National Poetry Month is dwindling down, four poems to go, and people are exhausted, poets losing their energy and inspiration.
So, 1) today’s poem-a-day prompt is “exhaustion,” and 2) you might get a lift by looking at Paulette Beete’s poetry feature, just up today at Escape Into Life. Sing it, baby!
I've been reading Voice Lessons, Paulette's new poetry chapbook, in small, sweet bits since it arrived from Plan B Press--perfect name for a small poetry press, eh?
Sorry, I can seem to get an image of the book cover any larger than this thumbprint (or it gets blurry), but you can enlarge it at the press's website. It's a lovely drawing.
Paulette is also included in the anthology pictured above, Full Moon on K Street: Poems About Washington, D.C. Paulette lives in the D.C. area now, but our paths crossed at poetry workshops when we both lived in Chicago, so I have been a reader of her work for a long time. I reviewed her first chapbook, Blues for a Pretty Girl (Finishing Line Press, 2005) for RHINO, and I am glad to see a couple of poems from that, including “Voice Lesson,” here in Voice Lessons. (You can see samples from both books in the Escape Into Life feature.)
And, yes, this book is about all kinds of singing—songs of praise, songs of woe, choir singing, blues, jazz, birdsong. And about finding, developing, training one’s voice. There are poems like prayers, litanies, incantations. There are prose poems, numbered poems, and even collage poems that mix voices, the poet as arranger of a new song.
There are poems to Billie Holiday and to Eva Cassidy. There are poems to a street, a poem to the vagina. Anything that can sing or be sung to might be here! Somehow, somewhere, a voice will be breaking to make someone whole.
There is a rich, conflicted relationship with the mother in these poems. “Naming,” a ghazal, begins:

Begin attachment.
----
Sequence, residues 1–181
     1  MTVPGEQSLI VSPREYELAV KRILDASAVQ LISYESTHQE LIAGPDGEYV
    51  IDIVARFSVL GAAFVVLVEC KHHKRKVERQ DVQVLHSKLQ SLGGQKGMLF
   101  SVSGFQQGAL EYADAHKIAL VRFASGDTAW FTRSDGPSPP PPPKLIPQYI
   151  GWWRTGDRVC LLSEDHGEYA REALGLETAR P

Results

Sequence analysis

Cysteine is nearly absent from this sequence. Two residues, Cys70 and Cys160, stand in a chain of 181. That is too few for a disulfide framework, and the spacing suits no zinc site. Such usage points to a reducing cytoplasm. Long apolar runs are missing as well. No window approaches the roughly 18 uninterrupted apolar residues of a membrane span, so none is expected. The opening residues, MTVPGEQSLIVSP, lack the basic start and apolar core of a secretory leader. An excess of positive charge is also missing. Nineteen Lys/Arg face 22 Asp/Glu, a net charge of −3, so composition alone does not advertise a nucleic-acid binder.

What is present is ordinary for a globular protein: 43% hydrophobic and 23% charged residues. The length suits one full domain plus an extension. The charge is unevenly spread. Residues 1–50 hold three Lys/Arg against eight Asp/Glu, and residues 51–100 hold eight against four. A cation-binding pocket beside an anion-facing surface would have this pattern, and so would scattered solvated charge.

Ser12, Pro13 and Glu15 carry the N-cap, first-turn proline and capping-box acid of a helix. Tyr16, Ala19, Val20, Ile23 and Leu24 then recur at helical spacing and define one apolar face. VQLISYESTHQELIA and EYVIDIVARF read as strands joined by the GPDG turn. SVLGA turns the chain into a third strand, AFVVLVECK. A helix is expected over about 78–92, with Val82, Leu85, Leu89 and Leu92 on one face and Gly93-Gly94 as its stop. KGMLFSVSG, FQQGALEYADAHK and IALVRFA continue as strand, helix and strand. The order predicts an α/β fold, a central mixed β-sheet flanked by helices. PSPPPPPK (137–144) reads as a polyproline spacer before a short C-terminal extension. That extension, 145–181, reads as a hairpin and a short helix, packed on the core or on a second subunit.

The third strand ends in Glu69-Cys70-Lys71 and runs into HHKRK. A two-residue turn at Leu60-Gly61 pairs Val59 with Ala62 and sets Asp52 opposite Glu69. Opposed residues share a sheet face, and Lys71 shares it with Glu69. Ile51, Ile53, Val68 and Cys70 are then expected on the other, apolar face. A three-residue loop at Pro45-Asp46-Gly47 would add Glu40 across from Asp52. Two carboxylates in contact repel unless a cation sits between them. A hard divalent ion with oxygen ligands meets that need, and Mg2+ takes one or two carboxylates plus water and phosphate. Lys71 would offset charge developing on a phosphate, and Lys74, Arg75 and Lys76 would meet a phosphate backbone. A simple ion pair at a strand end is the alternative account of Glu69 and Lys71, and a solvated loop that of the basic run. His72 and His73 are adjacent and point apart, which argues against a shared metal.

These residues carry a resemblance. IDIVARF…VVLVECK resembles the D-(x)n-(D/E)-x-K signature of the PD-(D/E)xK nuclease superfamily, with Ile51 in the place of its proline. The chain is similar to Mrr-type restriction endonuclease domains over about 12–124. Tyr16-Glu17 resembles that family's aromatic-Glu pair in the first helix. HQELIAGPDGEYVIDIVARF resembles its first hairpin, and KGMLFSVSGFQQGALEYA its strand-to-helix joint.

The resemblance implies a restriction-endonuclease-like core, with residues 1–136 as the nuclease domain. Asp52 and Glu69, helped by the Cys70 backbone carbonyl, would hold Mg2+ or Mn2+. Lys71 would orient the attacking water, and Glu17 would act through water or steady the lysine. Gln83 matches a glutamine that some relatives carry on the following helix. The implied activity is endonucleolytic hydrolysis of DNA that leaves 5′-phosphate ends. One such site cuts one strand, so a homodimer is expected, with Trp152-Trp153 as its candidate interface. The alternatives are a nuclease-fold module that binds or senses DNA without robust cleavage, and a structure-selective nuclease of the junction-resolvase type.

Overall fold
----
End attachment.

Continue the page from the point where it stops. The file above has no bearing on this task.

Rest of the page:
In prayer, my mother gargles my name, in her throat a small stone.
I tremble on her tongue light as a stone.
She names me Paulette, meaning small:
I grow smaller still, my name growing cozy as a stone.
And “Prophecy,” a prose poem, begins:
Mama, I said, I’m going to be a poet. Mama, I said, I will make your words mine. Her large hand winding its way around my small hands like a manacle, her lips parted.
Throat, tongue, lips recur throughout this book. “I didn’t know I loved my tongue,” she says in “Poem after Hikmet.” “I used to think it was a liar. My own tongue!” The mouth is used to speak, to sing, to taste, to kiss, to eat, to love. And, in “The Woman’s Wardrobe,” to ask:
Am I an intersection of skin & voice
the shadow of that intersection
a manipulation of skin & memory
a blank wall?
And maybe to let us know what voice lessons are for:
Later after you’ve unhooked yourself…
later when you are sleeping
I’ll count your brokenness..
where the harmonica
bruised Stormy Monday from your mouth
I’ll count the places my body mourns
your hands the fleshy length of your fingers
harp-bit rough worry your lips
like a stone greedy unstitching
that raw place where you measure loss
my tongue building a sacristy for hunger.
And here is Paulette, reading, on the Big Read Blog!